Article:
UN chief worried by PA plan to cut security ties with Israel
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UN chief worried by PA plan to cut security ties with Israel

Ban Ki-moon calls for 'international engagement' on Mideast peace deal, urges sides to reverse cycles of actions, counter-actions

United Nations Secretary-General Ban Ki-moon attends a joint press conference with Israeli president Reuven Rivlin (not seen) at the president's residence in Jerusalem on October 13, 2014 (photo credit: Miriam Alster/Flash90)
United Nations Secretary-General Ban Ki-moon attends a joint press conference with Israeli president Reuven Rivlin (not seen) at the president's residence in Jerusalem on October 13, 2014 (photo credit: Miriam Alster/Flash90)

UN Secretary-General Ban Ki-moon said Friday he was worried by the Palestinian Liberation Organization’s central council decision Thursday to end security cooperation with Israel, in a potentially explosive move after Jerusalem cut off a key source of funds.

The UN chief called for “international engagement” on the stalled peace process between Israel and the PA.

“(Ban) urges both parties to exercise utmost restraint and reverse their unhelpful cycle of actions and counter-actions,” said UN spokesman Stephane Dujarric. “The Secretary-General repeats his call on Israel to resume the transfer of tax revenues legally due to the Palestinian Authority.”

“In the absence of effective international engagement, the situation may further unravel,” Dujarric said.

The PLO council decided Thursday “to stop security cooperation in all its forms with the occupying power,” which it urged to “take over full responsibility for the Palestinian people in the occupied State of Palestine, the West Bank, East Jerusalem and Gaza.”

A source close to Palestinian Authority President Mahmoud Abbas told Israel Radio that the council’s decision was a recommendation only. Another Palestinian official said that Abbas must issue a presidential order ending the security cooperation with Israel.

Israeli officials said Friday that ties with the Palestinian Authority remain unchanged and that civil and defense cooperation continue unimpeded.

Israel has been withholding tax revenue from the Palestinians since they decided to join the International Criminal Court last month. Under a 1994 economic agreement, Israel agreed to transfer tens of millions of dollars each month to the PA in customs duties levied on goods destined for Palestinian markets that transit through Israeli ports.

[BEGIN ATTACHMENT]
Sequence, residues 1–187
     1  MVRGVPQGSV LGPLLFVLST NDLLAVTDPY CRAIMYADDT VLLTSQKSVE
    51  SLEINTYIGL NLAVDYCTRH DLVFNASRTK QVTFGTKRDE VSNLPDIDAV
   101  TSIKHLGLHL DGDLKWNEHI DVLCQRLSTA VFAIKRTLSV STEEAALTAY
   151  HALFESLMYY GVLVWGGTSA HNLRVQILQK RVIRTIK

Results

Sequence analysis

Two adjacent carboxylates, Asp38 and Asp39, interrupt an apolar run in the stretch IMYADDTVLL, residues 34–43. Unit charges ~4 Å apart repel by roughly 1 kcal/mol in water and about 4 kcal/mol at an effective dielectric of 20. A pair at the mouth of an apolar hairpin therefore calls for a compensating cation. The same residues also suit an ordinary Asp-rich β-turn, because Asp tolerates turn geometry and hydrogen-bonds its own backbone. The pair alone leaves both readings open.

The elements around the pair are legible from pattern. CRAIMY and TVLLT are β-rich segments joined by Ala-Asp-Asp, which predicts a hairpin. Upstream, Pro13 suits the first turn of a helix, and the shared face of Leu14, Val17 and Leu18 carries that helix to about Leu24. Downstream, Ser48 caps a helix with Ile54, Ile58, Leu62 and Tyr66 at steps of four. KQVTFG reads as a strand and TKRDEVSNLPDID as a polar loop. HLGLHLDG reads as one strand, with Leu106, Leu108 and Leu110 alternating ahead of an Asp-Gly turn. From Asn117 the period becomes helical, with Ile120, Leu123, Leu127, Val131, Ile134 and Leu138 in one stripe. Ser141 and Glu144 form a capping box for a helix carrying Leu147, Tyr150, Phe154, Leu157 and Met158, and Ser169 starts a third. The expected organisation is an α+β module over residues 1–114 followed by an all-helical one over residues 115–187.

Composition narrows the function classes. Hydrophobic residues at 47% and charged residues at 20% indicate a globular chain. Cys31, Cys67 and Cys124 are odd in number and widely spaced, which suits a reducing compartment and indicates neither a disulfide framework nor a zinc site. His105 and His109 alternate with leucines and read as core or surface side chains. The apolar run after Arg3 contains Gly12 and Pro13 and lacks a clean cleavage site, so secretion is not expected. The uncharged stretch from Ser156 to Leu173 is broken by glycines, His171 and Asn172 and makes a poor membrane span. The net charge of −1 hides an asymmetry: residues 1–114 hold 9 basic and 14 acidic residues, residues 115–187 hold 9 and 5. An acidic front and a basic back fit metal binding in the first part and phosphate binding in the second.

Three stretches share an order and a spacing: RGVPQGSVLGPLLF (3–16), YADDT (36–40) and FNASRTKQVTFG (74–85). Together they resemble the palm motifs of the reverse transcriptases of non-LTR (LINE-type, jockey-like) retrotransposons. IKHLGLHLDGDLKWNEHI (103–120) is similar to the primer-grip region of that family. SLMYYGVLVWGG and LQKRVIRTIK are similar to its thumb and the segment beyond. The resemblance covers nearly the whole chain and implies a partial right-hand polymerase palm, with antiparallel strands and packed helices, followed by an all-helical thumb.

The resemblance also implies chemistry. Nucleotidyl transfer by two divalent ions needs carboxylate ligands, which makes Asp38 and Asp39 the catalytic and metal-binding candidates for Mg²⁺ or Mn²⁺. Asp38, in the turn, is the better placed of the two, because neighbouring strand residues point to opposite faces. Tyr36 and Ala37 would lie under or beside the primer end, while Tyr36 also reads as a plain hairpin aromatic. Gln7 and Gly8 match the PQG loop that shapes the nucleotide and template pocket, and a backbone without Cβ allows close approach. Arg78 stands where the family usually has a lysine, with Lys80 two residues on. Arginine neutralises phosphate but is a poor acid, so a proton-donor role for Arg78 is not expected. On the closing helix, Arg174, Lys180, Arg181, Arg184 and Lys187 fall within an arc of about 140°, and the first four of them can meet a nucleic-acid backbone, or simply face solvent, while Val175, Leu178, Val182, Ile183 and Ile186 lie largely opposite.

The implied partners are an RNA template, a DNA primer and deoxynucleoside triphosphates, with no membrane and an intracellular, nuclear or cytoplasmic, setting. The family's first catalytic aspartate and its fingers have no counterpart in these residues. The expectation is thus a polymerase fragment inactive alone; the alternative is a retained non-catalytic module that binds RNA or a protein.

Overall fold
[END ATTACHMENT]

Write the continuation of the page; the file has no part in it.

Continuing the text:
Set up under the 1993 Oslo Accords, which founded the Palestinian Authority, the security coordination involves the sharing of intelligence and is considered crucial for Israel to keep tabs on Hamas and its West Bank members.

Palestinian leaders have threatened to cut security ties with Jerusalem in the past, but cooperation held as both sides had a shared interest in maintaining the arrangement.

Israel sees security cooperation with the Palestinian Authority in the West Bank as a vital part of its efforts to stymie attacks on Israeli civilians and soldiers and gain intelligence on the ground.

The cooperation is rooted firmly in the joint interest of thwarting the Hamas terror group.

In 2005, after Abbas took over as Palestinian Authority president and renounced violence, Israel and the PA began to cooperate in advancing their shared interest of marginalizing the Hamas terrorist group, especially when Hamas forcibly seized control of Gaza in 2007.

On the ground, this has translated into far fewer Israeli troops and reduced friction, with the Israel Defense Forces gradually removing roadblocks that once bisected the West Bank.

Abbas said in the past that security cooperation with Israel would persist regardless of differences with the Israeli government.

Last month US Secretary of State John Kerry warned that the possibility of the Palestinian government halting security cooperation with Israel or disbanding because of its economic predicament was real and could have negative consequences even outside Israel and the West Bank.

“If the Palestinian Authority ceases or were to cease, security cooperation — or even decide to disband as a result of their economic predicament, and that could happen in the near future if they don’t receive additional revenues — then we would be faced with yet another crisis that could also greatly impact the security of both Palestinians and Israelis,” Kerry said. “And that would have the potential of serious ripple effects elsewhere in the region.”

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